About faces: Geometric style of portrait artwork
A team of computer scientists at the Interdisciplinary Center in Israel have developed an innovative method to automatically analyze artistic portraiture, capturing a high level of detail and accuracy of the portraits as well as the artists' individual style. Focused on devising a computational method to detect facial features in artwork, or facial landmarks such as eye corners or mouth corners, the researchers have successfully extended work done in photographs of natural face images to the artistic portraiture field.
"Because there is no training data of portrait paintings that contain facial landmarks, our key idea was to create such data using what we call 'artistic augmentation,'" says Professor Ariel Shamir, lead author of the study and dean of the Efi Arazi School of Computer Science at the Interdisciplinary Center Herzliya. "We transform photographic face data to be more similar to artistic portraits and use it to train new models for neural networks that work better for artistic inputs. By using our models, we not only gained better precision on portraits, but we also did not lose much accuracy on natural faces."
Shamir, along with his students Jordan Yaniv and Yael Newman, are set to present their work at SIGGRAPH 2019, held 28 July-1 August in Los Angeles. This annual gathering showcases the world's leading professionals, academics, and creative minds at the forefront of computer graphics and interactive techniques.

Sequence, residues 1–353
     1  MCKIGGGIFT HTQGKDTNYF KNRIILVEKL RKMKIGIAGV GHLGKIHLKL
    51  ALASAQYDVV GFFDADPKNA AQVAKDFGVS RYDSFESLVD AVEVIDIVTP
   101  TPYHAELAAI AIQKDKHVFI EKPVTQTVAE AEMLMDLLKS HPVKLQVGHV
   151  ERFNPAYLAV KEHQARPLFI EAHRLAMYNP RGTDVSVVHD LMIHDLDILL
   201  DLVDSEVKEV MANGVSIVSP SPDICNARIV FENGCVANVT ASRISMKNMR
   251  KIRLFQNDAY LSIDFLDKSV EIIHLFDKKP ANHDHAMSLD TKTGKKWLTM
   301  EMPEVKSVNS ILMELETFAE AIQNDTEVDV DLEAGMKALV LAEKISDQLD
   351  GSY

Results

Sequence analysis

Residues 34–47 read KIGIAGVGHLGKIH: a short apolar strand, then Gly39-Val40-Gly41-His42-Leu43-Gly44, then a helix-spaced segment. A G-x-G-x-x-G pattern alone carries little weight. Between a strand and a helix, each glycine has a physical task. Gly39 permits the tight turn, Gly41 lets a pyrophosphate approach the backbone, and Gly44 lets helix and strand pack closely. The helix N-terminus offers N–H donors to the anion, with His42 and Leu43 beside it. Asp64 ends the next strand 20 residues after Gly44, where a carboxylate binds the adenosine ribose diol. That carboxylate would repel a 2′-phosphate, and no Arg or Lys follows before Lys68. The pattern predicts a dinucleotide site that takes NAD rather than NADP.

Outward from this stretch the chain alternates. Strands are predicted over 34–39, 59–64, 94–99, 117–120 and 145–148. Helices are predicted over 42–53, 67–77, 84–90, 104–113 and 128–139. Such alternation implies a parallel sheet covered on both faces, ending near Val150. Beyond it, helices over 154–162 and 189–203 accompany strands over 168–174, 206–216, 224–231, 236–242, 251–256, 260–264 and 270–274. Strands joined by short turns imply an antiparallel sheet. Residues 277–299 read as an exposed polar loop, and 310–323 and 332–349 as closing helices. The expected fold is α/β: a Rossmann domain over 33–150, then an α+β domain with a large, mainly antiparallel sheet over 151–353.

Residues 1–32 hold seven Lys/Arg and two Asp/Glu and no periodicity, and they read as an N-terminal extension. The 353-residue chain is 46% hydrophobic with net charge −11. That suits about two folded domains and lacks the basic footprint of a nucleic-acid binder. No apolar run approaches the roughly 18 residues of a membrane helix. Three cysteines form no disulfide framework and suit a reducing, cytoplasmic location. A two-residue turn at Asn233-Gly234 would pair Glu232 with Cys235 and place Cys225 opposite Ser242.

Landmark Points Guide the Style
The key differences between artistic portraits and natural facial images are twofold: texture appearance differences and geometric differences. Past work in this research area primarily focused on capturing the appearance style of art, and not the geometric style. With artistic portraits, geometric style is imperative, note the authors of the study, but challenging to capture since every artist has their own creative, distinct style.
"For example, the Italian painter Clemente Modigliani is known for painting elongated faces, and the American painter Margaret Keane is known for painting faces with very big, exaggerated eyes," says Shamir. "Our work allows computers and algorithms to reveal this information and recognize this aspect of geometric style in portrait paintings."
To capture geometric styles in portraits, there is a need to recognize the facial features and the structure of the face in the painting. To this end, the researchers' method concentrates on detecting facial features in the artwork, using landmark points on the face. Depending on the artist's style, these features can be diverse in shape and exaggerated, not resembling real human faces. To overcome this challenge, they apply a known method called "augmentation" of natural face images, transforming photographs of natural facial images to be more similar to "artistic" portraits, and train neural networks to detect the landmark points.
The researchers evaluated their landmark detection method by creating a dataset of artistic faces containing 160 artistic portraits by 16 different artists of various genres and styles, with large variations in both geometry and texture. In the paper outlining their work, they also demonstrate several applications for artistic facial feature detection and geometric style analysis. These include understanding the style of specific artists, comparing styles of different artists, and following possible trends of artistic styles. Another popular application is style-transfer: where one can transform a given input picture of a face to a painting in the style of a given artist in both texture and geometry.
In future work, the team hopes to use the geometric style signature to build classifiers that can recognize a specific artist and expand the definition of geometric style beyond faces—a current challenge in computer graphics and art.